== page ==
Animal Cognition

, Volume 10, Issue 4, pp 377–386

Conflict between egg recognition and egg rejection decisions in common cuckoo (Cuculus canorus) hosts

Original Paper


Common cuckoos (Cuculus canorus) are obligate brood parasites, laying eggs into nests of small songbirds. The cuckoo hatchling evicts all eggs and young from a nest, eliminating hosts’ breeding success. Despite the consistently high costs of parasitism by common cuckoos, great reed warbler (Acrocephalus arundinaceus) hosts sometime accept and other times reject parasitic eggs. To explore the cognitive basis of this seemingly maladaptive variation in host responses, we documented differences in egg rejection rates within 1-day periods just before and during the egg-laying cycle across host nests. Hosts rejected cuckoo eggs at 28% of nests during the pre-egg-laying stage, but when cuckoos exchanged the first host egg with the parasite egg, rejections increased to 75%. Even later, when several host eggs remained in a nest after parasitism, rejection rate fell to 37.5%. Experimental parasitism with conspecific eggs on the first and second day of host laying showed a similar directional change in relative rejection rates, dropping from 35 to 0%. Mistakes in egg discrimination (ejection error and ejection cost) were observed mostly in the latter part of the laying cycle, mainly when nests contained 5–6 eggs. These correlational and experimental patterns of egg rejection support a cognitive process of egg discrimination through several shifts in hosts’ optimal acceptance thresholds of foreign eggs. The results are also consistent with the evolution of foreign egg rejection in the context of nest-sanitation (i.e. the removal of foreign objects). Our results suggest that common cuckoo hosts may recognize more eggs than they reject. This implies that the experience of the host with one or more of its own eggs in the clutch is a key factor in rejecting parasite eggs by allowing inspection and learning about their own clutch.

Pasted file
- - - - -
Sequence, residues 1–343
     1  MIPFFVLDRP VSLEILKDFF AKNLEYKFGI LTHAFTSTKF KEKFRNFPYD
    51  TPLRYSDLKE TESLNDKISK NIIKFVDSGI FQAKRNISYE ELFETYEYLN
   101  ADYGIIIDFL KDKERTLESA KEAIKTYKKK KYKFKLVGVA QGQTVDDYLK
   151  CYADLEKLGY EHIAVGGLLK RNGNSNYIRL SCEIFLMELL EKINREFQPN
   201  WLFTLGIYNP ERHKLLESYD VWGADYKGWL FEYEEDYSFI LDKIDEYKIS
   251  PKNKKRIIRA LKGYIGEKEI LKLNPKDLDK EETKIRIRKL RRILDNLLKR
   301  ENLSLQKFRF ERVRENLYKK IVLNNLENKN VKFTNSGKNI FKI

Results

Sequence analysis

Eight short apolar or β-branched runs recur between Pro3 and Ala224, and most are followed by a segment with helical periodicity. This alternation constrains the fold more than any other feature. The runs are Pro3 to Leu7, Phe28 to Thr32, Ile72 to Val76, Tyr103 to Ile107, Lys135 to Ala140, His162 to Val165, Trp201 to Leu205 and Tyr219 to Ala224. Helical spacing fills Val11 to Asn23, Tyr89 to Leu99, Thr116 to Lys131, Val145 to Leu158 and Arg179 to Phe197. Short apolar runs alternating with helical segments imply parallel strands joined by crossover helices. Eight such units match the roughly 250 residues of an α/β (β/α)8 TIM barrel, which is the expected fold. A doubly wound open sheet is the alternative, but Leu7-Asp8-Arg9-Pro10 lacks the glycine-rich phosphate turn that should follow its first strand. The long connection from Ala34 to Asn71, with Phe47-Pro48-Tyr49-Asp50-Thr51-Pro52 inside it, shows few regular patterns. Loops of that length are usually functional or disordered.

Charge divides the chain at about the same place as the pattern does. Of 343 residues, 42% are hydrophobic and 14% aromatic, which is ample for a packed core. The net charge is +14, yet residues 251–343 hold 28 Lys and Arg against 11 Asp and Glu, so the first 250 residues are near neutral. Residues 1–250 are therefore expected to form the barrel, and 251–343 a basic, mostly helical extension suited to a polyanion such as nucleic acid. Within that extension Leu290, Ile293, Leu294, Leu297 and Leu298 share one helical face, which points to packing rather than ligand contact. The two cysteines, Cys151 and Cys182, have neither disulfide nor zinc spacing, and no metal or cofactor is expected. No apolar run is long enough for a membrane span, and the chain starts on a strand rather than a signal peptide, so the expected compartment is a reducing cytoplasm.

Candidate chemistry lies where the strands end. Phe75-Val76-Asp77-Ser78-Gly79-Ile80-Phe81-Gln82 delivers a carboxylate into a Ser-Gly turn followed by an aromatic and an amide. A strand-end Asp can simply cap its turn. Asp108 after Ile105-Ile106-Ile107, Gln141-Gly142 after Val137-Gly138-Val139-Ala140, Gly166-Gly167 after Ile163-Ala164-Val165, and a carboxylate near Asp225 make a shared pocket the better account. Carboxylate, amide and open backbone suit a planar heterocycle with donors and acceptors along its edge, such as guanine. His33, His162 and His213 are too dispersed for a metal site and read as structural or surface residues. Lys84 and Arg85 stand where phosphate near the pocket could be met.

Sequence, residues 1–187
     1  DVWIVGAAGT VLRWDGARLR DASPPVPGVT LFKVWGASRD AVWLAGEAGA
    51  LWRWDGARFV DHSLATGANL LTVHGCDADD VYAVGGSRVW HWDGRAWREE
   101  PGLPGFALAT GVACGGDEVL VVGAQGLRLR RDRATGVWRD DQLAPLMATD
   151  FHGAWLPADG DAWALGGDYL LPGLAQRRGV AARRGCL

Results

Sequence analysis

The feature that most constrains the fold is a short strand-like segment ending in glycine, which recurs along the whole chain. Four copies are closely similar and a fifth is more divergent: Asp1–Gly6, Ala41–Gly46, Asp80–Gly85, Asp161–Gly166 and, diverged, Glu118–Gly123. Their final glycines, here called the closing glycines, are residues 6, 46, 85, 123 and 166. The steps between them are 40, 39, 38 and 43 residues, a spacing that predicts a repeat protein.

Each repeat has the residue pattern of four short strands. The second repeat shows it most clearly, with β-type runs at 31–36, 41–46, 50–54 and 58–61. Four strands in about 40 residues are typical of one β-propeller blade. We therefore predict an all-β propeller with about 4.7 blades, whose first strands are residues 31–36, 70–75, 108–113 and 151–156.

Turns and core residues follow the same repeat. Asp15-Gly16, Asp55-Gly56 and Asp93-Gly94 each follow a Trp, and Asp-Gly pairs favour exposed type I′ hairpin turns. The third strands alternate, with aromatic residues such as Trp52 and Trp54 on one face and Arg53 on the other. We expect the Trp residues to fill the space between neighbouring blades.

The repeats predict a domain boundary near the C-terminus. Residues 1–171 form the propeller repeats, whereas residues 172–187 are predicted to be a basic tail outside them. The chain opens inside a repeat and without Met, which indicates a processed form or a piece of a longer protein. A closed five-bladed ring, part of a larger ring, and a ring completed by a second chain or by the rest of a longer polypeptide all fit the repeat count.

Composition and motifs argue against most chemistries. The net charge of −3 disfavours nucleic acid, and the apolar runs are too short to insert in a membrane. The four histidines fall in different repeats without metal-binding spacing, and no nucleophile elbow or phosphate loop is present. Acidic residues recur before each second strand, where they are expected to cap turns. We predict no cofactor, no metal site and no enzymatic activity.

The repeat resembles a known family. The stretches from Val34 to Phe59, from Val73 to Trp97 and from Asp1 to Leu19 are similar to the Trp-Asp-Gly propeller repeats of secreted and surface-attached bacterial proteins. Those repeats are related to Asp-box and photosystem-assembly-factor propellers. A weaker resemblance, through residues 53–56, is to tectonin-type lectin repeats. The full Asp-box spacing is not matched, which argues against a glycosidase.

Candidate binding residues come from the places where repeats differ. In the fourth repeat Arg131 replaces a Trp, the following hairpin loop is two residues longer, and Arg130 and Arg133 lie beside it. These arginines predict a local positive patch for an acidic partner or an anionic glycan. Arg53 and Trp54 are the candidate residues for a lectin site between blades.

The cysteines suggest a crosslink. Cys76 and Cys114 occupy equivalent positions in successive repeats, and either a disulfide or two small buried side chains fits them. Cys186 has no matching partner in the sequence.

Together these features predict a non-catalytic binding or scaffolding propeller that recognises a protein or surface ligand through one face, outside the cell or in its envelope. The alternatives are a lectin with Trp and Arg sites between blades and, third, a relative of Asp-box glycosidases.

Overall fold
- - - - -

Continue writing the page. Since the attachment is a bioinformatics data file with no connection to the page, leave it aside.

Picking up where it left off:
Brood parasitism Egg discrimination Decision-making Recognition system Learning 

Copyright information

© Springer-Verlag 2007

Authors and Affiliations

  1. 1.Animal Ecology Research Group of the Hungarian Academy of Sciences, c/o Hungarian Natural History MuseumBudapestHungary
  2. 2.Ecology, Evolution, and Behaviour, School of Biological SciencesUniversity of AucklandAucklandNew Zealand

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